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We have come to the final part of the Lord’s Prayer: “For Yours is the kingdom and the glory and the power forever.” This last sentence is no longer found in most modern translations because it isn’t in the best and oldest manuscripts. Nevertheless, I’m going to include it, since this is the way most of us in this contemporary culture have learned it, and I don’t find it to be anti-biblical in any way.

“Yours is the kingdom.” It’s His kingdom, not ours. He reigns, we don’t. On its face, this seems simple enough, and I don’t think any Christian would disagree with this truth. However, as is often the case with us in-process believers, what we say and how we live and think are two different things. Let’s be transparent here. This is something we all struggle with, in our personal lives and in our ministry lives. On a simple, day-to-day basis, we struggle with giving the Lord control of our lives—allowing Him to reign. We struggle with giving up everything to Him. By everything, I mean our money and goods, our children and our futures. Western Christians in particular are in danger of joining the sad company of the rich, young ruler, who when told to sell all he possessed, give to the poor and follow Jesus, lamentably declined. Although this sell-all-you-possess command was given only to this man, Jesus said, as the fellow walked away, “How difficult it is for a rich man to enter the kingdom of God.” Since, generally speaking, Western Christians are rich by the world’s standards, this should give us pause.

And in spite of the lip service we Christian leaders give to the truth that it’s the Father’s kingdom, not ours, we run our churches as if we were indeed rulers. Now, ruling in the world is something we all understand. Coaches coach. They “rule” over their teams. If a football coach says, “Next week we’re going to two-a-days,” that’s what happens. If as basketball coach says, “Okay, guys, full court sprints,” the players start running. Bosses run businesses. When the boss says, “You can’t drink on the job,” employees don’t drink on the job, if they want to remain employed. Presidents, prime ministers, legislators, and, of course, kings and dictators also “rule,” in varying degrees. (Thankfully, democratic republics limit this rulership.) This is just simply the way the world works. This isn’t something that we question or don’t accept. Things wouldn’t work any other way. However, many of our Church pastors and leaders, unfortunately, have come to adopt the world’s way of “ruling,” in spite of what Jesus said: “You know that the rulers of the Gentiles lord it over them, and their great ones exercise authority over them. It shall not be so among you. But whoever would be great among you must be your servant, and whoever would be first among you must be your slave, even as the Son of Man came not to be served but to serve, and to give his life as a ransom for many” (Matthew 20:25–28). Hmm. “He who is first among you must be your slave.” Slaves, generally speaking, don’t tell people what to do. Is this how you view your pastor? No, pastors “rule” over their staffs and volunteers. They tell them what to do. They hire and fire people, just like bosses do, or they hire someone to do that job for them. They are the captains of the congregations. Is there anyone but me who questions how the biblical definition of pastor has morphed into leader? I encourage you to check out the gift and ministry lists in Scripture. I encourage you to do a study of leadership in the New Testament. Be prepared for a shock. You will find that the biblical definition and our current definition of leader bear little resemblance to each other.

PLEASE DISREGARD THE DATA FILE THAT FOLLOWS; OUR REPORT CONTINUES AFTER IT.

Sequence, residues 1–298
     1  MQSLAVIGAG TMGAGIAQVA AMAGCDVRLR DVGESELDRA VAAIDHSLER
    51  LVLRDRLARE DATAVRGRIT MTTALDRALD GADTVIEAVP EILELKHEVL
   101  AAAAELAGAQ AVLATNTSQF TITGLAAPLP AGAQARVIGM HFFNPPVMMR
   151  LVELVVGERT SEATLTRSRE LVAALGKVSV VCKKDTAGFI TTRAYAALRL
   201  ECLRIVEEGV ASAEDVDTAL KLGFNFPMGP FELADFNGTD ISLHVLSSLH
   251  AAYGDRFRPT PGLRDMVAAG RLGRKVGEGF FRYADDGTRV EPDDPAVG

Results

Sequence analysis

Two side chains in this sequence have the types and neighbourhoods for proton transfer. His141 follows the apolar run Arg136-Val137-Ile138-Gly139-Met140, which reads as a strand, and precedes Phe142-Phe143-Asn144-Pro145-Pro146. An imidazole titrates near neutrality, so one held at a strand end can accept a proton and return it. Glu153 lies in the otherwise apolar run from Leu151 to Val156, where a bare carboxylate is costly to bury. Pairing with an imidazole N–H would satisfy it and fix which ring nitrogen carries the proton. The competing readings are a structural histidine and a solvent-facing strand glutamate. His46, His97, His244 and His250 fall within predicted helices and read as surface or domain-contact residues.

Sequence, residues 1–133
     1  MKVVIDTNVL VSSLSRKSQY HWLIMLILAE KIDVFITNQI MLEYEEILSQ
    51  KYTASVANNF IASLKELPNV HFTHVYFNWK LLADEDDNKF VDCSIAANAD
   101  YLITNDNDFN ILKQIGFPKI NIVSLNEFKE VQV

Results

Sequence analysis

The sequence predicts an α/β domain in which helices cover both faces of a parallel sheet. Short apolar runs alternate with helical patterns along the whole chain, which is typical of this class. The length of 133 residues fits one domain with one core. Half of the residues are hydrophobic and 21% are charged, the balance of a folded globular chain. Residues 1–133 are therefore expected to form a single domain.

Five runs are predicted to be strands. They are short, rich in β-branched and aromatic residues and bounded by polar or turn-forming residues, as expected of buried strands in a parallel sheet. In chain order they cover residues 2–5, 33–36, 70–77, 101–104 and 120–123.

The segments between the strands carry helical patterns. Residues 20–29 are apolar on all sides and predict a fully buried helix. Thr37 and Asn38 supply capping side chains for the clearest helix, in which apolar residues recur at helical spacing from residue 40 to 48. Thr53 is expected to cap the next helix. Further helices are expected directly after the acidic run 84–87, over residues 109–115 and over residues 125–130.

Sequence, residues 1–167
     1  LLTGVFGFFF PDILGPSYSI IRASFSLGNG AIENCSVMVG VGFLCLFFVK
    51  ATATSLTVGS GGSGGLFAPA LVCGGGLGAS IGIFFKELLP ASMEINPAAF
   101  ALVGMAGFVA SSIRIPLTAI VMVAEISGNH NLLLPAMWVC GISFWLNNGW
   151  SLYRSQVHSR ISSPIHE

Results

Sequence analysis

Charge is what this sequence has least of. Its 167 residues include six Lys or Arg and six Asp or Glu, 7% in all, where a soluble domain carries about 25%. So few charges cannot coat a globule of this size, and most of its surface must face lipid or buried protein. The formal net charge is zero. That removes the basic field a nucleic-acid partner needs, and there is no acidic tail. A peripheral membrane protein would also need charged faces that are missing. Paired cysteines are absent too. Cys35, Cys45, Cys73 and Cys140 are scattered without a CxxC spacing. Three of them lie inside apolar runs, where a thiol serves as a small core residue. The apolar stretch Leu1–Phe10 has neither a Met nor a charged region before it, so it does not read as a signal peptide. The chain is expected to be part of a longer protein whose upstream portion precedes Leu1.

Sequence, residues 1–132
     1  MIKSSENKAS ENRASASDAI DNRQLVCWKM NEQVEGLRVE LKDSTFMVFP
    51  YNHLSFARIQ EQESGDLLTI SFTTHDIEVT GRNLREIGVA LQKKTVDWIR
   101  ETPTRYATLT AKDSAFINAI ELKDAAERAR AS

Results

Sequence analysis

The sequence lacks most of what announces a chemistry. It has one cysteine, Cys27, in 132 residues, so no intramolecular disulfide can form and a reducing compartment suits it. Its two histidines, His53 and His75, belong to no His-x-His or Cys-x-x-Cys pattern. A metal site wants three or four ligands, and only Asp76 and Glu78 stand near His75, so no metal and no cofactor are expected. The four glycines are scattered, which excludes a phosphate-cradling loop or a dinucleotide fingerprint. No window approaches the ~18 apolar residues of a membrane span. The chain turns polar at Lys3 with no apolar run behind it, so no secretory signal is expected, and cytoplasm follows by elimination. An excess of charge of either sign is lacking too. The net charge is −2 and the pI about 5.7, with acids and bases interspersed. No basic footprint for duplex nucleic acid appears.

We’re going to have to stop here. We only got to the first part of this final sentence of the Lord’s Prayer. I don’t think that the next two parts are going to be any easier.

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